I have found websites and text books disagreeing over this. For example,

Phylogenies are also known as “species trees”...



It is well known that a phylogenetic tree (gene tree) constructed from DNA sequences for a genetic locus does not necessarily agree with the tree that represents the actual evolutionary pathway of the species involved (species tree)...


Although the second source, being from a journal, would seem to be more reliable, my original thought was that phylogenetic trees do show the evolutionary relationships between species and thus are species trees as opposed to gene trees.

Any clarification on the issue would be much appreciated.

  • $\begingroup$ They are all distance trees where the nodes represent different things and the distance measures are different as well. You can make a dendrogram using (1-correlation) as distance, or using euclidean distance. You could also do it using nt specific distance measures like kmer distance. In networks you can make trees from something called a topological overlap distance. Whatever distance measures you create that satisfies the rules of a distance measure can be used. Also, they may use different clustering techniques too. $\endgroup$ – O.rka Nov 7 '16 at 15:54

Phylogenetic tree

A phylogenetic tree is a tree showing relationship between lineages. These lineages might be computed for genome-wide DNA or from only a single gene. As such the term phylogenetic tree is general.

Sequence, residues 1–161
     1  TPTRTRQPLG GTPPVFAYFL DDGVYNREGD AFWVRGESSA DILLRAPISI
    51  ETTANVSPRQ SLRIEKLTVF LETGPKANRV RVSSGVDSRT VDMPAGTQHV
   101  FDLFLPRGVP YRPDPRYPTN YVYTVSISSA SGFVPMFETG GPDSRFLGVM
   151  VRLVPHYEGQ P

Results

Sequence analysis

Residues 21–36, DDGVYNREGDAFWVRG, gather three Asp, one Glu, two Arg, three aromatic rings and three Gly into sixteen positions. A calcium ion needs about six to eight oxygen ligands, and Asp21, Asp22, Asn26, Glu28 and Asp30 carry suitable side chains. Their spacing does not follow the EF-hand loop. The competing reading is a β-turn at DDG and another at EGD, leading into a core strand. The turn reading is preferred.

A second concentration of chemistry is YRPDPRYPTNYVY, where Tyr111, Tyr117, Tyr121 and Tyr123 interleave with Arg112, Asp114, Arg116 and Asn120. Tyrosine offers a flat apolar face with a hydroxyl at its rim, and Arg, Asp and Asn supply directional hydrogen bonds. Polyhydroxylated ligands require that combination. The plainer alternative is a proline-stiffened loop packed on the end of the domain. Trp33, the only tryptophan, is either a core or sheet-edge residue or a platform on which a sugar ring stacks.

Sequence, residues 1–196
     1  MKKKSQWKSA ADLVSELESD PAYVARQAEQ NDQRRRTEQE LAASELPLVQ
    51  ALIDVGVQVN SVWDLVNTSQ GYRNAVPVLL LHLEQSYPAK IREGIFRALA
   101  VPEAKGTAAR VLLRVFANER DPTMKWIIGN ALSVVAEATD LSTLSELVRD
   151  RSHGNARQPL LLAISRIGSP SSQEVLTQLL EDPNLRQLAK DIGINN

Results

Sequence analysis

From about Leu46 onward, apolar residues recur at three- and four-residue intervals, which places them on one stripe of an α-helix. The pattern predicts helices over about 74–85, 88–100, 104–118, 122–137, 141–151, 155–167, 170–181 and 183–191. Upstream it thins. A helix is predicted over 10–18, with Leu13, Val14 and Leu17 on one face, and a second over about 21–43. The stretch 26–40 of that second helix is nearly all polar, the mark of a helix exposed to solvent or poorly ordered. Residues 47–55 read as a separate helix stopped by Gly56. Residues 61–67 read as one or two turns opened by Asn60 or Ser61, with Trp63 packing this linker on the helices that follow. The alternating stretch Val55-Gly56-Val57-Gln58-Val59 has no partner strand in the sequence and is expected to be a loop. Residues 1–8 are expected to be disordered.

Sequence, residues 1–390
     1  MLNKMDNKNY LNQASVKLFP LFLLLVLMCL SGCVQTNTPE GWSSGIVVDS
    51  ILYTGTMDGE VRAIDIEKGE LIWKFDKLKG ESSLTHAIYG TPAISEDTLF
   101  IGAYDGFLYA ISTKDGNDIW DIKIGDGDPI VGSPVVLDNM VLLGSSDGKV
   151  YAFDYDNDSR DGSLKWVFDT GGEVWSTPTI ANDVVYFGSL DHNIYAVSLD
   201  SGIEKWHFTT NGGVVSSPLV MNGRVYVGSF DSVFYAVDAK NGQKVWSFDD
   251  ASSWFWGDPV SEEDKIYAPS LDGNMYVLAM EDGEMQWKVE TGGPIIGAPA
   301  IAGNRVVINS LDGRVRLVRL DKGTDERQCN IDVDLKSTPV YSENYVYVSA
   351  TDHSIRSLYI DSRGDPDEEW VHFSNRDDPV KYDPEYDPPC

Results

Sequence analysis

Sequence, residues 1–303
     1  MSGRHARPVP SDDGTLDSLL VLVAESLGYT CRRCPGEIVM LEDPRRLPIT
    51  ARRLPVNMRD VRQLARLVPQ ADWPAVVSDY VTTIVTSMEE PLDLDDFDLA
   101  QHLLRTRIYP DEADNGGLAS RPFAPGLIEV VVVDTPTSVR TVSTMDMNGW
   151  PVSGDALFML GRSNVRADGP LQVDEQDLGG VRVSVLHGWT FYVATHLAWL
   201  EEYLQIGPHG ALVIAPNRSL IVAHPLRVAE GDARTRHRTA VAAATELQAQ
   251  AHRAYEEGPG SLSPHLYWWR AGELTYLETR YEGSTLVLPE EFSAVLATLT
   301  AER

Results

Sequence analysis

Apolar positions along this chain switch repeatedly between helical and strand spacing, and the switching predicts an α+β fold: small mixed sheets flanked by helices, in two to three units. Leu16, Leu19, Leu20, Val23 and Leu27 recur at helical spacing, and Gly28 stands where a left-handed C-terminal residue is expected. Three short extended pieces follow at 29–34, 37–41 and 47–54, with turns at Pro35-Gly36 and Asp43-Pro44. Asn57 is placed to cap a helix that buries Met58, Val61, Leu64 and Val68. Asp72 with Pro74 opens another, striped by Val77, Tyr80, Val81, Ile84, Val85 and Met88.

gene tree vs species tree

If you compute a phylogenetic tree, from genome-wide DNA, then you are computing a species tree (although some sister lineages might not perfectly fit the definition of species). If the phylogenetic tree is computed from data coming from a single gene, then we are talking of gene tree.

Why would a gene tree not match a species tree?

But a gene tree is not just a species tree with fewer data. There are reasons for why a gene tree may not match a gene tree. Genes may duplicate within a given genome. The two duplicated genes are free to evolve independently since the split. All descendants lineages will then inherit these two genes but if you map the two different copies of the gene (red and green below) in two sister clade, they will be much more different then the two same copies (say the green copy) in two distantly related species. Here is a picture to show that

enter image description here

Also, copies of genes can be deleted later on and there might have horizontal gene transfer. For all these reasons the phylogenetic tree of a gene might well be very different than the phylogenetic tree of species.

Below is a gene tree and the associated species at the tips. Take time to make sense of what is going on on the picture.

enter image description here

What is a species tree exactly?

One could call a species tree as some kind of average tree among all gene trees.


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